Hi Brandon & Steve!
From Dubai in the United Arab Emirates. My name is Brendan Jack. I’m a long time reader but first time poster to your site (which is a daily addiction!!)
My wife & I relocated to Dubai seven years ago from our home in the Blue Mountains, outside of Sydney, Australia. It was our first time living outside of our Blue Mountains home, surrounded by our World Heritage National Park, and our first time living in a big city. Culture shock was an understatement but we have grown to love Dubai and it’s exotic ways and now call it home.
For the first time in our seven-year sojourn, we spent Christmas here in Dubai, flying our 2 boys and one of their families in from Oz to Dubai, to share Christmas and New Year. Having had a late night getting home from the New Year’s Eve world record fireworks show, we headed off around midday to the camel races about 25kms out of town. It was on our list to go & we had tried once before earlier in the year but the races weren’t on then……they are a winter activity. Winter here is a great time, with temperatures in the mid-twenties centigrade & mostly blue skies. Think high contrast desert shooting conditions.
Camel racing is something to behold, if you ever get a chance. It is a big money sport over here in terms of prize money & value of the steeds, with prize camels being traded for hundreds of thousands of dollars. Being a Muslim country, there is no gambling, of course, just the pride of the win, but make no mistake, it is a serious business for those owners and trainers. Jockeys, on the other hand are totally ambivalent, being small remote-controlled robots!! Not long before we arrived seven years ago, after several bad accidents, they changed from child jockeys over to these small but robust little machines. They come complete with rotating whips that can be controlled by the owners, who all race along beside the pack of camels in their Toyota Landcruiser 4×4’s, yelling encouragement to their charges, abuse at the other owners & drivers, and punching buttons & wiggling the joysticks on their jockey remote controls. Semi-controlled, high adrenaline, chaos. A great spectacle.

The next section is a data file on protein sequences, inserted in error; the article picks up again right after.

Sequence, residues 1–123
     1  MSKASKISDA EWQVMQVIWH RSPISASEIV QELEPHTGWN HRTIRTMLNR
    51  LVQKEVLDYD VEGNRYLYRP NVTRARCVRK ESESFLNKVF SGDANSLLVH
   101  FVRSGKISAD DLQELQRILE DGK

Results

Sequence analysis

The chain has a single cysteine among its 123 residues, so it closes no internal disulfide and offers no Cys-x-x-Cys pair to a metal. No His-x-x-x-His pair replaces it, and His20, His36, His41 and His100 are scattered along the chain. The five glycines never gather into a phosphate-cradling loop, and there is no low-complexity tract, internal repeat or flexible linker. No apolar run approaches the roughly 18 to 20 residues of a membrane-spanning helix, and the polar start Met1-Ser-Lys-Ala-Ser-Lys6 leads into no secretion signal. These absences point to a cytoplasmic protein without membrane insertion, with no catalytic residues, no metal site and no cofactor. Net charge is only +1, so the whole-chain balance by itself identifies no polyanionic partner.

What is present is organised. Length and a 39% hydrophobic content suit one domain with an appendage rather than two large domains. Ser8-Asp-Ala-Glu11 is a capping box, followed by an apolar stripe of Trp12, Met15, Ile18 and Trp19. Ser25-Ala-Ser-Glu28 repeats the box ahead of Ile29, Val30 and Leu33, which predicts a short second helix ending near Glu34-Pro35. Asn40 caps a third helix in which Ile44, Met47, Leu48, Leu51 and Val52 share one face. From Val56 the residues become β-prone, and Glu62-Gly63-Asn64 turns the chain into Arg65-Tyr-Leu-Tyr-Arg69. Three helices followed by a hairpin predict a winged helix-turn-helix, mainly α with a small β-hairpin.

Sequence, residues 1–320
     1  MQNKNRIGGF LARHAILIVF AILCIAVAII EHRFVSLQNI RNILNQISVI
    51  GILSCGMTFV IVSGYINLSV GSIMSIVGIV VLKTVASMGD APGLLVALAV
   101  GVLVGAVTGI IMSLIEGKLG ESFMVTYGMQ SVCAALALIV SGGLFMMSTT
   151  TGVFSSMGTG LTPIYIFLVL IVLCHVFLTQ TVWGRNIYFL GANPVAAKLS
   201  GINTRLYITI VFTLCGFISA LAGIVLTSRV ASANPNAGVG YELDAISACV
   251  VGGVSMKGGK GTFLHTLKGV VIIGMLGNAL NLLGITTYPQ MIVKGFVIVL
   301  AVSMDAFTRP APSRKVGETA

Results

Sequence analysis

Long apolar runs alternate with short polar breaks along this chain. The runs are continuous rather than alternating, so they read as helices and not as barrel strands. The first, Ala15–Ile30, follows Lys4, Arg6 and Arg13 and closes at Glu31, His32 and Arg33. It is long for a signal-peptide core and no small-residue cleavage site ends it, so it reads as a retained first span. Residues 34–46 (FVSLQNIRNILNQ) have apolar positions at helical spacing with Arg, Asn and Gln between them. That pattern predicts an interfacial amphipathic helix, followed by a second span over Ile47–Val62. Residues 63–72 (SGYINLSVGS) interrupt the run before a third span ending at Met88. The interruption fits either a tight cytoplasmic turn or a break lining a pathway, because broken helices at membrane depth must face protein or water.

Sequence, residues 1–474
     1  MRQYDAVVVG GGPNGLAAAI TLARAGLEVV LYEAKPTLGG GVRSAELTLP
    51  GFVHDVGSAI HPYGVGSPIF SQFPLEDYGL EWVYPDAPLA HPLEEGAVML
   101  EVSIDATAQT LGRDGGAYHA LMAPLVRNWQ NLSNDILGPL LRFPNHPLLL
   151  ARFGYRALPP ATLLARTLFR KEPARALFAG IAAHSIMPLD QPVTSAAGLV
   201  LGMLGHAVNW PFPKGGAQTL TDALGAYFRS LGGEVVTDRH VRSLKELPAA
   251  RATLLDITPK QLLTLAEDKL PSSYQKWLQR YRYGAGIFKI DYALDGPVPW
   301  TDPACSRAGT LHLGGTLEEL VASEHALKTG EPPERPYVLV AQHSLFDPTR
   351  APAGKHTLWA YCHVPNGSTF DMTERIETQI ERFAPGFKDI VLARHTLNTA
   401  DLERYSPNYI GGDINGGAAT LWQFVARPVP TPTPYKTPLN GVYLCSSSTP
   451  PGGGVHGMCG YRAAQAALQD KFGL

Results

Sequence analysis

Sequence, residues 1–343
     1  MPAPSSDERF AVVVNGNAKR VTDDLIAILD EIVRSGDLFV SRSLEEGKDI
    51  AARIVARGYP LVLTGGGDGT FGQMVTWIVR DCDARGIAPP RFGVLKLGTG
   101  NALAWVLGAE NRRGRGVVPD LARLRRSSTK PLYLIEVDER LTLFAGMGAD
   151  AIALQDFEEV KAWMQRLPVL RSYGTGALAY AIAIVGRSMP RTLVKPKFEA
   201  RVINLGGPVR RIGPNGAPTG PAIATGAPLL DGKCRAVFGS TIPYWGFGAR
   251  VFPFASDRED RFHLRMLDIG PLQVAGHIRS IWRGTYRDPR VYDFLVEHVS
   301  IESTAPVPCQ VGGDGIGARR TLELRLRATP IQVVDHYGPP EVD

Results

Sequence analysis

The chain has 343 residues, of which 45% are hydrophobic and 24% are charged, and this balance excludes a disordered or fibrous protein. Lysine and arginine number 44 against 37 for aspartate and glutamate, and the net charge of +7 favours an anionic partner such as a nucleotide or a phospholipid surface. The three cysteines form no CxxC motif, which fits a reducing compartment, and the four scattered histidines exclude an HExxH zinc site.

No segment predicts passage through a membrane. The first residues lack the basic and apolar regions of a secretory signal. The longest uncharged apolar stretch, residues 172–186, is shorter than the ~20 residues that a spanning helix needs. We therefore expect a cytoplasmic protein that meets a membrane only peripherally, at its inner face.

I have submitted a bunch of photos, that I hope give a bit of a feel for the day. The officials were really friendly & helpful, letting us behind the scenes & into the staging areas. The folks over here mostly don’t mind having their photo taken, providing you have the courtesy to ask first.
In terms of my photography experience, I bought my very first camera, a Nikon D300 DSLR, in 2008 a year after arriving here, and I still use it in situations such as the camel races, where versatility is the order of the day, fitted with a Nikon 18 – 200mm (27 – 300mm equivalent with 1.5x APS-C crop) travel zoom. Not the sharpest tool in the shed to be sure, but in Dubai’s harsh desert conditions, where there is sand in the air constantly, you don’t want to change lenses a whole lot. So, don’t expect any great photographic heights from these shots, they are more photojournalism-ish snaps than anything else. I have shot a lot of travel snaps with this combo & it has stood me in good stead. The 1.5kg weight is getting to me though, as my 50+ body is not getting any younger and I bought a Sony RX-100 (the first version) last year to travel to China. I’m thinking of now trading the Nikon in for a Sony A7, which should be up to the harsh conditions here & make for a lighter travelling kit, not to mention, a quantum leap in IQ & some FF goodness to boot. Processing was all done with LR4 & Nik’s Silver EFX 2.
I don’t have a website or any public photo display…..my photos have mainly been for selfish pleasure & frustration in fairly equal measure. Like most first timers, it is a bit of a leap of faith to put yourself out there. Hope you like them.